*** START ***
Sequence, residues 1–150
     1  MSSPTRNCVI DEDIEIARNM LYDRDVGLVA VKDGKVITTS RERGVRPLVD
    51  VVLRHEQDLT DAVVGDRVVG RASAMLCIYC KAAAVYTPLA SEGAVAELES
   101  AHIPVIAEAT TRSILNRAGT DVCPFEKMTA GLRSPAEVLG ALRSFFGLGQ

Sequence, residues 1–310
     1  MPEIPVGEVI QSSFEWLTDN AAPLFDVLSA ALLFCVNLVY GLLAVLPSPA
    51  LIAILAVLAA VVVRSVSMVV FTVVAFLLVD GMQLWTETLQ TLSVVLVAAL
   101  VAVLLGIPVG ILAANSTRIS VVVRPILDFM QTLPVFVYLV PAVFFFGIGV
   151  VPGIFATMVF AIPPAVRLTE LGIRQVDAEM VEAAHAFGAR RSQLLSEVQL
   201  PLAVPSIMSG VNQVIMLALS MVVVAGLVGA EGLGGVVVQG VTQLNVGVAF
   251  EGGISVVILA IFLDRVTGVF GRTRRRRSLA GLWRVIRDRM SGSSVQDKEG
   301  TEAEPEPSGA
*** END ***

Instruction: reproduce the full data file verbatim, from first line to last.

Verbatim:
Sequence, residues 1–150
     1  MSSPTRNCVI DEDIEIARNM LYDRDVGLVA VKDGKVITTS RERGVRPLVD
    51  VVLRHEQDLT DAVVGDRVVG RASAMLCIYC KAAAVYTPLA SEGAVAELES
   101  AHIPVIAEAT TRSILNRAGT DVCPFEKMTA GLRSPAEVLG ALRSFFGLGQ

Sequence, residues 1–310
     1  MPEIPVGEVI QSSFEWLTDN AAPLFDVLSA ALLFCVNLVY GLLAVLPSPA
    51  LIAILAVLAA VVVRSVSMVV FTVVAFLLVD GMQLWTETLQ TLSVVLVAAL
   101  VAVLLGIPVG ILAANSTRIS VVVRPILDFM QTLPVFVYLV PAVFFFGIGV
   151  VPGIFATMVF AIPPAVRLTE LGIRQVDAEM VEAAHAFGAR RSQLLSEVQL
   201  PLAVPSIMSG VNQVIMLALS MVVVAGLVGA EGLGGVVVQG VTQLNVGVAF
   251  EGGISVVILA IFLDRVTGVF GRTRRRRSLA GLWRVIRDRM SGSSVQDKEG
   301  TEAEPEPSGA